Tuesday, 11 February 2014

Secular Equilibrium - Radioactive decay Series

It  is interesting that heavy elements like uranium decay to lighter elements which themselves are radioactive and in turn decay to new lighter elements.  This sequence can go on for some time until a stable product is formed.

The sequence of decays defines a radioactive decay series.  In the series, the various intermediate elements are present in definite amounts such that the decay rate of the parent element (or the production rate of the daughter element) is equal to the decay rate of the daughter element.
The decay rates depend on the number of atoms present and the half life of the element (time required for half of the atoms to decay).

Thus all the elements in a radioactive series are present in definite amounts depending on their half lives.

This is explained in the slide below.
Click on the slide to see the full-scale figure with an example of U-238, Ra-226 and Po-210:

The way the graph in the figure is explained is that at the beginning if we start with pure parent element then in one second it will produce a number of daughter nuclii.  Since this number is very small, there are not many decay per second of the daughter element (activity of daughter is small).  This means that more daughters are produced than are decaying and their numbers increase.  As their nos. increase their decay rate increases also and after about 6 to 7 half-lives an equilibrium is reached when the production rate of daughter is equal to the decay rate of the daughter element.  This is Secular equilibrium.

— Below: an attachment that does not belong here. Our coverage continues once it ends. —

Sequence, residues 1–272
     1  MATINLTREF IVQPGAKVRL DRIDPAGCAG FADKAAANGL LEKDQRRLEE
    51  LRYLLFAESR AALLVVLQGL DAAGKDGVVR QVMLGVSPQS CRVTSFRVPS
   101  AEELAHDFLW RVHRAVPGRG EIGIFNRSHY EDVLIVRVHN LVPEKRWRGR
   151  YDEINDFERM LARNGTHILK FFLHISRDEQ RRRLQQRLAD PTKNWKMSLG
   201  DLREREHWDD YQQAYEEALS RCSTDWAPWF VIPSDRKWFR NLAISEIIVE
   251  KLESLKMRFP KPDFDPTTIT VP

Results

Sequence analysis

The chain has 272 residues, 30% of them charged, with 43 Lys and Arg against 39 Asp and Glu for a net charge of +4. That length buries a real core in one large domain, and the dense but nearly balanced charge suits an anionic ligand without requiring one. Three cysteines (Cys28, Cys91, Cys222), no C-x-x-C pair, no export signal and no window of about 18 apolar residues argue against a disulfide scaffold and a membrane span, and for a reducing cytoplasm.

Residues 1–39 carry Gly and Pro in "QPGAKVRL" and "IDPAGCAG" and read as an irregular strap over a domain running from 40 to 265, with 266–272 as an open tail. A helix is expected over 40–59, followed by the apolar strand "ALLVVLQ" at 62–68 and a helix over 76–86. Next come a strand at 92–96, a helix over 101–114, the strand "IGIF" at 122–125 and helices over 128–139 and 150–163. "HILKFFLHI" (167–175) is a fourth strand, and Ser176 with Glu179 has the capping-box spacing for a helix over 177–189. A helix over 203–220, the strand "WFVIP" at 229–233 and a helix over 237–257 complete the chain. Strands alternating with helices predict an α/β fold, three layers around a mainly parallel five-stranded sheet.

Since Uranium has been in the earth's crust for billions of years, there has been enough time for secular equilibrium to have been reached and all parent-daughter pairs in the radioactive series are found in the correct proportions.
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